Burden speaks frankly about his motivations (though not necessarily about his intent) for making piece came out of a long-standing desire to be on television.The more I thought about it, the simplest way seemed to be to purchase a commercial advertising slot.
Burden speaks frankly about his motivations (though not necessarily about his intent) for making piece came out of a long-standing desire to be on television.The more I thought about it, the simplest way seemed to be to purchase a commercial advertising slot.The first of these— are exclusively text—bold letters spelling out “CHRIS BURDEN” against a black background, then handwritten script reading “THROUGH THE NIGHT SOFTLY” against a gray field.Tags: Gwic Thesis PrizeHomework Help Algebra 2Value Catholic Education EssayPersuasion Essay TopicsHotels Business PlanAbortion Research Papers IntroductionLouis Riel Hero Or Traitor EssayThesis 2 Header SizeArmy Assignment Satisfaction Key
My biggest problem was convincing the station that I was worth bothering with, that I was a legitimate artist.
(1971), Burden’s performances had begun to attract audiences expecting something dangerous or spectacular–a less than optimal climate in which to do something unexpected.
In his assault on the medium , the former adman Jerry Mander noted that by the beginning of the 1970s, television had become “the main transmitter of reality,” and that individuals cognizant of this—from Richard Nixon to the Symbionese Liberation Army to corporate advertisers—expertly manipulated it for political and capital gain.
Sensing the insidious corporate stronghold on the medium, but also its communicative and activist potential, Burden and other artists in the 1970s went beyond critiquing television; they began using it as a medium for their work.
A Warhol silkscreen may defamiliarize a familiar image, but its relationship with the viewer remains a consumptive one—like the television, it is there to be gazed at.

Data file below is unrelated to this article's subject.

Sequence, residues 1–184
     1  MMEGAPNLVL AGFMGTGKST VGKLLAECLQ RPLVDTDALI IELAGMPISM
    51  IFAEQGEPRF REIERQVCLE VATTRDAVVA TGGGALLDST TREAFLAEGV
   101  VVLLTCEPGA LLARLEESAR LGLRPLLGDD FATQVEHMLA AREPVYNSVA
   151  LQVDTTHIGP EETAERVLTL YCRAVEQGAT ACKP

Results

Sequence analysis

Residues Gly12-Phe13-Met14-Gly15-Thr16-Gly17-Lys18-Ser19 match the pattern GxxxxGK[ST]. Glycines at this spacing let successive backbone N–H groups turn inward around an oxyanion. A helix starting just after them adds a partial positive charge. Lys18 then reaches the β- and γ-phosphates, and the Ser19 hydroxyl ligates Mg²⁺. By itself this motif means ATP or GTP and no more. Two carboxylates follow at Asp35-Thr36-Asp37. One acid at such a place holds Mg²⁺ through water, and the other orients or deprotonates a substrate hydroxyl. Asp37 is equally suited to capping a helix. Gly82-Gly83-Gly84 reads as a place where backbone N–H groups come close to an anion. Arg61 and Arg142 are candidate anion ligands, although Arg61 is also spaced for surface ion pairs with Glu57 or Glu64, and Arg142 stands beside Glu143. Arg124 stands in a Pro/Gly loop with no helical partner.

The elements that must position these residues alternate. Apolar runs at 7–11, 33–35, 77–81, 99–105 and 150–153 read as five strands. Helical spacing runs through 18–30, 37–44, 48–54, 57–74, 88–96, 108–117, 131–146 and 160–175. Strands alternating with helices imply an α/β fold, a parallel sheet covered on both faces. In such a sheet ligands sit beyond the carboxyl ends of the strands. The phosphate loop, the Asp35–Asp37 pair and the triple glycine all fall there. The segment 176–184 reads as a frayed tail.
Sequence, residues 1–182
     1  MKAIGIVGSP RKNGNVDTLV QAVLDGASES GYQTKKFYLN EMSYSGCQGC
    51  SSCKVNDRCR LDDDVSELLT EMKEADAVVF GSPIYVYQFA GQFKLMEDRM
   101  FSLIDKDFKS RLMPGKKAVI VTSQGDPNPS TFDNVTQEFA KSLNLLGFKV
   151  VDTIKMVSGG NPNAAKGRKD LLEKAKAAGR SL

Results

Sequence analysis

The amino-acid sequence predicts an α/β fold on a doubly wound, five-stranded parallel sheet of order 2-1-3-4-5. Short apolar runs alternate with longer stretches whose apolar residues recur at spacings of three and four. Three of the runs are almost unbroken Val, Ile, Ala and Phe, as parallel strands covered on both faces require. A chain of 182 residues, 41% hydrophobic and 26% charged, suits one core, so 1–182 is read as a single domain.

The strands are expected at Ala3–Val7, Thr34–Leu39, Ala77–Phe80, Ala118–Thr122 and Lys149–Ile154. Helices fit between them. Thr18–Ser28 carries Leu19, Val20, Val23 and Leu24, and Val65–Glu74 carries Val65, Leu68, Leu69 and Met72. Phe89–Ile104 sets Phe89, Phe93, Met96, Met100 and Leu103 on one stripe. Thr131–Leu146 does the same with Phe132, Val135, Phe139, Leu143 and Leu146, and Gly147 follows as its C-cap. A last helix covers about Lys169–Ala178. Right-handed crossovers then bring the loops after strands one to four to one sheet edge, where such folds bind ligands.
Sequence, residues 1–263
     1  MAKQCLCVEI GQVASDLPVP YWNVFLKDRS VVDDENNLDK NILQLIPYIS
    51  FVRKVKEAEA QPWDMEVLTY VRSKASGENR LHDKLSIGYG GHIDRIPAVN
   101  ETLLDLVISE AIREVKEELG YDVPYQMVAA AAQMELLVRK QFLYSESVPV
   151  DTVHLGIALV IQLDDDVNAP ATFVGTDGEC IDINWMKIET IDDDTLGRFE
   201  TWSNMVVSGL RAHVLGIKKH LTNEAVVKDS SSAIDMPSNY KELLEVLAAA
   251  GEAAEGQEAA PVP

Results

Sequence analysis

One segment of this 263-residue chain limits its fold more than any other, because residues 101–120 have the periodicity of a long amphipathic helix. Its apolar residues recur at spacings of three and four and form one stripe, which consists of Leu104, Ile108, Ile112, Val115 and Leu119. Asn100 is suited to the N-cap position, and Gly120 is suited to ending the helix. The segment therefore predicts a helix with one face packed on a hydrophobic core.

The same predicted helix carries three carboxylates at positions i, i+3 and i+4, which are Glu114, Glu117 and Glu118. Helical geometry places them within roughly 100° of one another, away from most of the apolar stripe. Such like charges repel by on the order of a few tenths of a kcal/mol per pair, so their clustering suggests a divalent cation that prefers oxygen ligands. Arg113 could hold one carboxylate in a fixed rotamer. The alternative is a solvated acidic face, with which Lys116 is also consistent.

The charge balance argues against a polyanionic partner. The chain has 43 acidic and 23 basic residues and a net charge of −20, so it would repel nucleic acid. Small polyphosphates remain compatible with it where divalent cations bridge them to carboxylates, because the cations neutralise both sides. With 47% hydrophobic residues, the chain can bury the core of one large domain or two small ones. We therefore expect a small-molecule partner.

On the contrary, Burden’s work in the 1970s confronted, rather than emulated, the consumerist ethos that found its highest (or perhaps just its most convenient) expression in the televisual experience. Burden—then living in Venice Beach—was concurrently making live performance work that deployed television monitors as critical signifiers of voyeurism. " width="599" height="400" align="middle" srcset="/wp-content/uploads/2016/08/01_599w, /wp-content/uploads/2016/08/01_tv-350x234350w, /wp-content/uploads/2016/08/01_tv-500x334500w" sizes="(max-width: 599px) 100vw, 599px" /, expanding meaningfully beyond the descriptive synopses Burden himself provides for most of his individual works, has been curiously rare.His own camera crew’s tape of the performance , 1972. " width="600" height="408" align="middle" srcset="/wp-content/uploads/2016/08/02_600w, /wp-content/uploads/2016/08/02_tv-350x238350w, /wp-content/uploads/2016/08/02_tv-500x340500w" sizes="(max-width: 600px) 100vw, 600px" / is a declaration of agency.Burden got to do a performance live on TV after all, and he didn’t adjust it to fit a homogenizing TV frame. Burden expounded on television art during the next five years with four commercials—almost masquerades of advertisements—made for broadcast on television.Burden used TV sets in performances as decoys, implicit endorsements of passive voyeurism; an audience would find itself alienated from a dangerous situation or an endangered performer by viewing these things through the isolating remove of the screen.When his commercials were aired within a block of other “real” ads, they, per Burden, “Stuck out like a sore thumb … Courtesy of the artist and Gagosian Gallery, © Chris Burden.This link between his use of the television set as an object or prop in performances like and his works that actually took place on television is crucial to parsing why arguably the foremost performance artist of his generation began to resituate a live performance practice to a medium that seems antithetical to live art.Assuming from the outset that Burden’s TV work was acutely informed by the manipulative mechanics of mainstream television, he can to some extent be situated within a circle of artists, collectives, and media critics in the 1970s who aimed at revealing the monster behind the seemingly benign screen.Some collectives advocated for public access to technology that could transform television consumers into producers (these groups included Videofreex, People’s Video Theater, and the Raindance Corporation), while several individual artists attempted to deconstruct television’s psychological grip on viewers by appropriating both its frame and its product.